Wellfie Wednesday Tip #146: Try Cooking Ethnic Foods

Happy Wellfie Wednesday! Welcome back! This week’s tip is brought to you by Patrick (@TheFuelPhysio) and is meant to spice things up in the kitchen, especially if you’ve been in a rut lately and bored with eating the same ole things.

My wife and I cook about all of our meals, I would say roughly 95% of what we eat comes out of our kitchen, unless we’re out of town of course. So needless to say, we’ve encountered a few episodes of boredom along the way, when we find ourselves constantly eating the same thing. As a side note, I recently started tracking our weekly dinner menus on Twitter, search the hashtag #BernerKitchen to follow along.

So earlier this year we started experimenting with some different ethnic food recipes. And it has been great thus far! For the most part. What is interesting is that you not only get to learn about different ways of cooking, but also how various herbs and spices mixed together create a very unique flavor. Don’t get me wrong though, we’ve certainly encountered some things we won’t be cooking again, but that’s okay! It’s all in fun of trying different foods. And know that I’m talking about ethnicity beyond Mexican and Chinese foods, we’re talking Greek, Tanzanian, Zimbabwean, Iranian, etc.

Now the only roadblock we occasionally hit is ingredients, as you would imagine some recipes calling for things I’ve never heard of or have no idea where to get, but you can make it work! Don’t let that stop you from being creative. And the best part is that most of the time cooking ethnic foods will lead to consuming more plant-based options! So it’s really a win win.

Go ahead and try cooking some ethnic foods and let us know how it goes! Thanks for all of the support, be sure to post your pictures this week and tag the WW crew members in your post (@TheFuelPhysio@Eric_in_AmERICa@FreestylePhysio@DianaKlatt) and keep the wave of healthy change going!

- WW Crew

Wellfie Wednesday Tip #145: Mental Health Awareness Month

Happy Wellfie Wednesday! We’re back!! We apologize, but the Wellfie Crew ended up taking a little hiatus the last few weeks because life and other things sometimes get the best of us, and THAT’S OKAY! Which actually goes well with this week’s topic, brought to you by Diana (@DianaKlatt), on Mental Health.

Mental health and wellness are important for not only individual health but for society as a whole. So why then do we still have such drastic numbers around untreated mental health issues? Stigma.

One of the most important things is that we need to stop treating mental health illnesses as something that you can just “get over.” Do we refer to chronic diseases, such as diabetes, like this? (Maybe diabetes wasn’t the best example because this is also highly stigmatized.) People often feel isolated, shame, discrimination, and stereotypes about their mental illness, but we need to increase talking about these things and decrease the stigma. It is perfectly normal to experience anxiety, depression, and other mental illnesses. Many people do not even recognize that they may have a mental illness that can be treated. Many societies and cultures teach and instill the concept of silently suffering. But there are ways to help these people and talking about mental illnesses and increasing awareness is just the start. It can be hard to seek help but the more someone realizes that they are not alone, the more likely they will feel comfortable seeking help.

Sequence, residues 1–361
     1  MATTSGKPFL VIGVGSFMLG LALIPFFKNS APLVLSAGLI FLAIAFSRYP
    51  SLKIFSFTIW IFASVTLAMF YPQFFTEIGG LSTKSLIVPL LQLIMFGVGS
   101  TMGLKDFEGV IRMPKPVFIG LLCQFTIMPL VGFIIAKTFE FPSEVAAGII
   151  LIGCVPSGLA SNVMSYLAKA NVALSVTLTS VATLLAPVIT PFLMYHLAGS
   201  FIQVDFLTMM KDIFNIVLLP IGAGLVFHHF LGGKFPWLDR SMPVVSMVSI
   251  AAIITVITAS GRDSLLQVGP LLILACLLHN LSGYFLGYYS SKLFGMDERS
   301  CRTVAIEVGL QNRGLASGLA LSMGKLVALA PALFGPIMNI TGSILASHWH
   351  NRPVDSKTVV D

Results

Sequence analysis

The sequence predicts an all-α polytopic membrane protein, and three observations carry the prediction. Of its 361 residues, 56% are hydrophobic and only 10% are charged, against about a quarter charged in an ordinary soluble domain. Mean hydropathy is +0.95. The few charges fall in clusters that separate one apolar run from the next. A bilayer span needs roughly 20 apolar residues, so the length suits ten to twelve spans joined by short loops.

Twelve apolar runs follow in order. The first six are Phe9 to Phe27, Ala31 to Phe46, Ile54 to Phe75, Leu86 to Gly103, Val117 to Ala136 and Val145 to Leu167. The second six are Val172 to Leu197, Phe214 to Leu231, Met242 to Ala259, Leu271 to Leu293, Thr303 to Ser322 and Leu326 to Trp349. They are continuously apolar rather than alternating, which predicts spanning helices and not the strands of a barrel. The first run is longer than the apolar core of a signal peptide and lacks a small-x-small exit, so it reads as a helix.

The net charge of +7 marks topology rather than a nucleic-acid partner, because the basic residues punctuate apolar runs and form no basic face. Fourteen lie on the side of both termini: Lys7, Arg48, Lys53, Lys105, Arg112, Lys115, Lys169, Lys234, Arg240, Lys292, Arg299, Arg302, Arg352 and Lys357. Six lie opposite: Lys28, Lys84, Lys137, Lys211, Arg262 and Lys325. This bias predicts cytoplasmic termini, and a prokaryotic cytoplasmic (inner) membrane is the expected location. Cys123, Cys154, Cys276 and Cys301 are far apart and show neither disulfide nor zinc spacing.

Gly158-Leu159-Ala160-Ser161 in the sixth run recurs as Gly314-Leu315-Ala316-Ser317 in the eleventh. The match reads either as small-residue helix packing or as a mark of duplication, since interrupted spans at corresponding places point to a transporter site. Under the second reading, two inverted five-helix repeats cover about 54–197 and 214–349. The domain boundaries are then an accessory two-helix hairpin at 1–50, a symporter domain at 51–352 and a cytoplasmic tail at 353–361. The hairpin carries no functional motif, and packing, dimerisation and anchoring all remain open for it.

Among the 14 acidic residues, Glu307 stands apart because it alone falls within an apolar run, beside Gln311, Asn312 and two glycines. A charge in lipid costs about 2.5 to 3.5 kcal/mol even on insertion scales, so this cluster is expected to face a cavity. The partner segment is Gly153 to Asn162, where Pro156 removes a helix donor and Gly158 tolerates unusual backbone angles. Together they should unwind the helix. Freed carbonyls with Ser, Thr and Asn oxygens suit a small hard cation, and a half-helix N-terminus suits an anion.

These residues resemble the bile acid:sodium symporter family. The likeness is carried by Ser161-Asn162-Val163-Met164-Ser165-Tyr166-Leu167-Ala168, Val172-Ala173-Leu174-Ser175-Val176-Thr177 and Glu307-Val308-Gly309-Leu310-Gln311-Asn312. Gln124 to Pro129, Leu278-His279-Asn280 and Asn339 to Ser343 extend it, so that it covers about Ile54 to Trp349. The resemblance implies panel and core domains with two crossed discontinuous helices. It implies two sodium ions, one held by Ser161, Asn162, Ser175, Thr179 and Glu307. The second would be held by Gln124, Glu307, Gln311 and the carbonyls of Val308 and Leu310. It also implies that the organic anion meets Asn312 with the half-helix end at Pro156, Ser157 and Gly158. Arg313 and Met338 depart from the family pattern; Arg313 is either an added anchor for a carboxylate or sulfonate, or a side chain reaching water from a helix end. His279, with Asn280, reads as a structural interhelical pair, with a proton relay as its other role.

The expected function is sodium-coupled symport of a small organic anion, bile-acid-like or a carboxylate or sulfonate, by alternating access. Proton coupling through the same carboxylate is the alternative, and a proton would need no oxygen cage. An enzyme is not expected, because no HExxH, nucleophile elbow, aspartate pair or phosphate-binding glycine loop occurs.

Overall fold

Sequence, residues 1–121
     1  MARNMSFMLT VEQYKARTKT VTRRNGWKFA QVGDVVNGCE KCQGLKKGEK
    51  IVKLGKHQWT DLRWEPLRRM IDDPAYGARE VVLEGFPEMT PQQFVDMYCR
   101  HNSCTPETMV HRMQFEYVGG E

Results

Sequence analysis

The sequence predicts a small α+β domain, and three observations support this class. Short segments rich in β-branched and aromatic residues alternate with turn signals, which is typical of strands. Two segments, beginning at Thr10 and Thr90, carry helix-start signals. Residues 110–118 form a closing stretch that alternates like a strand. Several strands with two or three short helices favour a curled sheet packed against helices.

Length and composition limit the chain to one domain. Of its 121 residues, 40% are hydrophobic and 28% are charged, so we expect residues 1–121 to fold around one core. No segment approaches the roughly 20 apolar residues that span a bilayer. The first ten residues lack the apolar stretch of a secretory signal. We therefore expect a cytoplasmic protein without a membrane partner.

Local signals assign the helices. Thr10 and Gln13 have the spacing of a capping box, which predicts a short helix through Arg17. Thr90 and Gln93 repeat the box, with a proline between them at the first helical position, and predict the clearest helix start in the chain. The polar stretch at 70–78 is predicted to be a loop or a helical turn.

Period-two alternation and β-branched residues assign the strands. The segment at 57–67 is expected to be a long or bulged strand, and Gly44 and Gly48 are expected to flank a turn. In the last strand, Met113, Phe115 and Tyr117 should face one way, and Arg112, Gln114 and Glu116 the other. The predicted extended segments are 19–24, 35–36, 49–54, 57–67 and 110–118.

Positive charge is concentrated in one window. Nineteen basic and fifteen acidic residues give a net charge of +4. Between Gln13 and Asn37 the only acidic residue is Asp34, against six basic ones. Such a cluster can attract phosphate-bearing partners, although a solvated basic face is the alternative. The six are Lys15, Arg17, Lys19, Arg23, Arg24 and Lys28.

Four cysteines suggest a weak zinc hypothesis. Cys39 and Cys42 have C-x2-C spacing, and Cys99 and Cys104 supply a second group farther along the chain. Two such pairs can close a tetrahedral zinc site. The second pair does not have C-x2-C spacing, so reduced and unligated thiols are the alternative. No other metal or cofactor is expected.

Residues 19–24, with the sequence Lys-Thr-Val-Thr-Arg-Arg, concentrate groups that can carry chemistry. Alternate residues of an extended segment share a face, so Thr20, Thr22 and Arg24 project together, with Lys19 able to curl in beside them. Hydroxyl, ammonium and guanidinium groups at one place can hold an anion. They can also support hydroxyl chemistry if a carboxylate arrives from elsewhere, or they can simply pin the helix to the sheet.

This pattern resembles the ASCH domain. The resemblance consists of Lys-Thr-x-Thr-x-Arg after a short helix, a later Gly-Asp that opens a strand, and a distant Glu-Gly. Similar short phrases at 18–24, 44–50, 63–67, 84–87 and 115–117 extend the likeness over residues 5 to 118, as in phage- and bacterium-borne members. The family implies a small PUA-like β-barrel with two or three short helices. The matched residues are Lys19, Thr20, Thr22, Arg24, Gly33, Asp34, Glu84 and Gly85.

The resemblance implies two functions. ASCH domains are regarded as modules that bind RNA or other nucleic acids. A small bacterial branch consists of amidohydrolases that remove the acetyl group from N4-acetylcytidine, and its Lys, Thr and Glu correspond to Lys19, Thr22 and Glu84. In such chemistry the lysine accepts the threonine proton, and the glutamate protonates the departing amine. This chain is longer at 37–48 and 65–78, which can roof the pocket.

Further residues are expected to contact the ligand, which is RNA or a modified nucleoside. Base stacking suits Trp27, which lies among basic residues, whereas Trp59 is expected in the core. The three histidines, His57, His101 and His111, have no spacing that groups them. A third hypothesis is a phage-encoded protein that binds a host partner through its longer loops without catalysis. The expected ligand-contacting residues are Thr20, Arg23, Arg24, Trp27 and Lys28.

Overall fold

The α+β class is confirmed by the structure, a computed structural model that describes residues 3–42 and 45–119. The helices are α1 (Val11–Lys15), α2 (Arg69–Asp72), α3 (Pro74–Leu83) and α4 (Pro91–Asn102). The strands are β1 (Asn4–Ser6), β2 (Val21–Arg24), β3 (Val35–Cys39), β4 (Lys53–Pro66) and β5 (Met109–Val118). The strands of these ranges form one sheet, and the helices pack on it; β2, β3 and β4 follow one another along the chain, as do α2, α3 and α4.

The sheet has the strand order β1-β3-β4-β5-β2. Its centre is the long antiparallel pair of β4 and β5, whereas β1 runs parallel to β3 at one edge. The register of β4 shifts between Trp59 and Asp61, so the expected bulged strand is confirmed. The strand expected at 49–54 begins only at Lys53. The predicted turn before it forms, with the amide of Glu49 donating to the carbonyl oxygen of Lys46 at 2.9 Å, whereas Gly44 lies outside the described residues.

So what can we do to help? We need to recognize that while discussing the complicated nature of mental health may be common for those working in health and wellness, that this is not the norm for most people. Many people find it difficult to discuss their mental health and how they are feeling in their professional and personal lives. We can help by discussing the normalcy more, by giving people the space to talk about how they’re feeling, and to lead by example. We cannot change the way society treats mental health alone, it is a team effort of helping those that live with mental health ailments know that they are not alone and to increase acceptance in society.

Check out how different people experience depression to see just how varied the experiences can be: https://www.blurtitout.org/2016/07/08/describing-depression-whove-never/

Here are some stats from a previous piece I wrote about mental health so you can see how common mental health illnesses are and how there is a severe lack of treatment:

  • Depression is the leading cause of disability worldwide and is a major contributor to the global burden of disease.

  • Approximately 1 in 5 adults in the US experience mental illness in a given year.

  • Approximately 1 in 25 adults in the US live with a serious mental illness.

  • Approximately 1 in 5 youths (13-18 years old) experience a severe mental disorder at some point during their lives.

  • Nearly 60% of adults and 50% of youths did not receive mental health services in the previous year.

Lets end the Stigma! Thanks for all of the support, be sure to post your pictures this week and tag the WW crew members in your post (@TheFuelPhysio@Eric_in_AmERICa@FreestylePhysio@DianaKlatt) and keep the wave of healthy change going!

- WW Crew

Wellfie Wednesday Tip #144: Know Your Seasonal Produce

Happy Wellfie Wednesday! Welcome back! This week is brought to you by Patrick (@TheFuelPhysio) and is a perfect mention for the Spring Season!

Spring is finally here!! Well at least for where I am in upstate South Carolina. The temperatures are finally where they should be, everything is COVERED in pollen, and it’s forecasted to rain… like every day. But we do have some beautiful weather forecasted for the future. But enough about that, lets talk PRODUCE!

Spring is an amazing time to start being on the lookout for fresh produce, which if you didn’t know can be very specific to your region of the country. Fresh produce is not only important to get the best flavors, but also that time of the year they become a bit cheaper. For example, early this week I took advantage of buying a larger quantity of strawberries and they’ve been fantastic!